It felt so good to do these pieces with their wonderful imperfections. Lately I have been doing so many pieces with no distressing that I really need a perfect finish in order to get the 'look' I'm going for. So when I picked up this three piece set (9 drawer pictures to follow) I thought, 'Im blowing the dust off the orbital and doing some serious distressing'.
Its not that distressing pieces is easier...it can take a long time to distress, particularly if you are doing it by hand, but its just a little less worrisome because if there is a little flaw in the finish you don't have to worry and redo it. I actually just recently finished a nine drawer in that deep blue cobalt colour I have been using a lot lately and I think in total I did 8 coats on the top. I kept having problems getting a perfect finish, and then I had trouble with my polyurethane topcoat looking streaky and I just wasn't happy with it. 8, maybe 9 coats later I finally nailed it. Isn't the definition of insanity doing the same thing over and over again expecting different results?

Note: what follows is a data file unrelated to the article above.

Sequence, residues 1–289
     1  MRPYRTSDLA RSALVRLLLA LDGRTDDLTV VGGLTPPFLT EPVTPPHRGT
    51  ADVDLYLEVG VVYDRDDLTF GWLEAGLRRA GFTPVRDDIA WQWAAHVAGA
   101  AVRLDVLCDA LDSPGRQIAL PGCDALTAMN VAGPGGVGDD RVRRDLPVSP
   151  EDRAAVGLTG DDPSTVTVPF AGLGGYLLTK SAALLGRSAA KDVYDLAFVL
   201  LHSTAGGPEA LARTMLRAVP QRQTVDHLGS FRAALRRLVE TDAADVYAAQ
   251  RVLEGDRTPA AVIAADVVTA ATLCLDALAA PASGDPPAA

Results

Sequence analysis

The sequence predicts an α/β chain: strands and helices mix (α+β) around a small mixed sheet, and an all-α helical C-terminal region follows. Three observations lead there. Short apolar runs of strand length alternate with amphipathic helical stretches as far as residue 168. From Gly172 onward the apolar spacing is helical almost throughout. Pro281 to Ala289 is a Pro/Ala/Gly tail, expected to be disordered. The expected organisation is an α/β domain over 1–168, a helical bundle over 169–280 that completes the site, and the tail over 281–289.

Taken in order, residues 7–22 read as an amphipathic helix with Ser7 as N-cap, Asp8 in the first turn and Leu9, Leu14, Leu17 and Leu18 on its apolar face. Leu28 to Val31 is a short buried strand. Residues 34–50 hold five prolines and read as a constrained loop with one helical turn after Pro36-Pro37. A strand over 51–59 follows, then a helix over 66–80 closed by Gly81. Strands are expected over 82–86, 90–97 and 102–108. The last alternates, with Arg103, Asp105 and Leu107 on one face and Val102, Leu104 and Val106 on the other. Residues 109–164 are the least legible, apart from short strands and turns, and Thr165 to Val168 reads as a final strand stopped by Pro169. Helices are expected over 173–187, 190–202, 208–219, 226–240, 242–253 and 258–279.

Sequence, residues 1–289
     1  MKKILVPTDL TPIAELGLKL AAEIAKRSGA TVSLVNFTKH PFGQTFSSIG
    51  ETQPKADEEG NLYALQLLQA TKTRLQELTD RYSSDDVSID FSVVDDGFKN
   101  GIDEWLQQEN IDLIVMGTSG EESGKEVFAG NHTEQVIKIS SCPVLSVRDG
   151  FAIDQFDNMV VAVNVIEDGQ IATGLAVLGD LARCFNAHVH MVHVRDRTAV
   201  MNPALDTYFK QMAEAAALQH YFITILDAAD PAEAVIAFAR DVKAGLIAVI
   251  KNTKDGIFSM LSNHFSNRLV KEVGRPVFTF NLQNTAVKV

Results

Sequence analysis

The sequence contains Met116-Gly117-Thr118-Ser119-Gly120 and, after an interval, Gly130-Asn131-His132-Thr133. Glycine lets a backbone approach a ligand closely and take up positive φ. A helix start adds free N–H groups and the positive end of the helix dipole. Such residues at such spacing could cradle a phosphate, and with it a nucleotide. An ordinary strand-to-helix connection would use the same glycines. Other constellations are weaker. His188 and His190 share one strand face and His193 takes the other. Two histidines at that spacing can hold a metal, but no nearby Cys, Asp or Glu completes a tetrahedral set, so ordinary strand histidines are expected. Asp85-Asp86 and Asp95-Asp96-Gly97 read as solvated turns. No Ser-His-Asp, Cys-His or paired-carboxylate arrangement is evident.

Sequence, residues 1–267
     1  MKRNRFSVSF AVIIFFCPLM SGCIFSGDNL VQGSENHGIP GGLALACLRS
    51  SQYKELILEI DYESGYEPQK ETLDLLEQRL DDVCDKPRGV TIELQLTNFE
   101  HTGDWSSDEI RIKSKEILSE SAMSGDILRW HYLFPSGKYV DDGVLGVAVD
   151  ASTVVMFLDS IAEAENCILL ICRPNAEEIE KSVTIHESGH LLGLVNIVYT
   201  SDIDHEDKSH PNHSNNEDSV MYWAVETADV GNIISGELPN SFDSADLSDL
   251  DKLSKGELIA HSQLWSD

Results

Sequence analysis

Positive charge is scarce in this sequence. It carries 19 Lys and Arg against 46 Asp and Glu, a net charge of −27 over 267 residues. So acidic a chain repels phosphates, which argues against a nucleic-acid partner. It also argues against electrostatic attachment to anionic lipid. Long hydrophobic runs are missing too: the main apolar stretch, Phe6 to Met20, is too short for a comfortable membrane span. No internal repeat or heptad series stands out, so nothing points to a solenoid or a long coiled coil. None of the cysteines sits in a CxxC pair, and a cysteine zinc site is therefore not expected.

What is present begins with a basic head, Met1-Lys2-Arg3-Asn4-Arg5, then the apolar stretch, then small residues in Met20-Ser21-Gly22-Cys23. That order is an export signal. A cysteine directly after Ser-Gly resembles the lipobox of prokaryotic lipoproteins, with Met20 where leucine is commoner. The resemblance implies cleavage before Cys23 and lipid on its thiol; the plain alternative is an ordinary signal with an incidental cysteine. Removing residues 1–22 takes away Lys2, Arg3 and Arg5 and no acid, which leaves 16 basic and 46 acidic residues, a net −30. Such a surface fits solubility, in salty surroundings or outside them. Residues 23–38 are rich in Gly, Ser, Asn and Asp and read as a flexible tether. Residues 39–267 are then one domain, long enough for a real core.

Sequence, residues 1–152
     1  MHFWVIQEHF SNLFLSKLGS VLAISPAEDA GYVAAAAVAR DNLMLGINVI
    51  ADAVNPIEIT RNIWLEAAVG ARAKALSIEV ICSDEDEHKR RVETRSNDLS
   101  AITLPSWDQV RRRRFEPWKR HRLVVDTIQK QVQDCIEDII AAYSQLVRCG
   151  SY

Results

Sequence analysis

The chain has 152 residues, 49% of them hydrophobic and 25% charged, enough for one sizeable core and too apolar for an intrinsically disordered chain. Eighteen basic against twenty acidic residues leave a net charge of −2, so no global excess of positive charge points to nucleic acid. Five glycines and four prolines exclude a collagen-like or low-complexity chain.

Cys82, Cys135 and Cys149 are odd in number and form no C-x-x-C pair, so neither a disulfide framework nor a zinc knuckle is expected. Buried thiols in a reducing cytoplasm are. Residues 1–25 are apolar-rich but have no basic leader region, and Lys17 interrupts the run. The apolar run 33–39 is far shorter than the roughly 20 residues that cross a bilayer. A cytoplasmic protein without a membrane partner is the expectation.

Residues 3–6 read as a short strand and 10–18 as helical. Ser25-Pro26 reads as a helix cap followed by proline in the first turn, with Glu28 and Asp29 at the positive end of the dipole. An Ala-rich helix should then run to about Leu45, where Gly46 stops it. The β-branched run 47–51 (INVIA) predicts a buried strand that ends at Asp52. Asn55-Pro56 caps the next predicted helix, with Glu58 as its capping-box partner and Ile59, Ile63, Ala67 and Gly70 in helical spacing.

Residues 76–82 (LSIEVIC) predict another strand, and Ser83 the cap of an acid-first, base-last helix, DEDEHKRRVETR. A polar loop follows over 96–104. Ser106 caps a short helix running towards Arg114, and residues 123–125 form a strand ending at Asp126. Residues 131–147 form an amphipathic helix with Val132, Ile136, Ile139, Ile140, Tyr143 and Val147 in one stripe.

These beauties only took two coats. Much easier. I used Cottage Paint chalkpaint I had in a cream colour and I added some tint to get this blue-based turquoise. I painted it on roughly, deliberately missing parts here and there as it would make distressing easier later.
I used wax on these because there is a strong oak grain. I am not a huge fan of wax, I find it really streaky, but as I have mentioned before I don't mind using it on weathered looking pieces, I also don't mind using it on 'oak' furniture as it doesn't look as streaky over the strong oak grain.
I did all of my sanding before waxing. I like a good dust storm. I did wear a protective mask to save the lungs though. I used the orbital on some parts, and used a piece of coarse sand paper on others and did it by hand.
Some of the nice oak grain.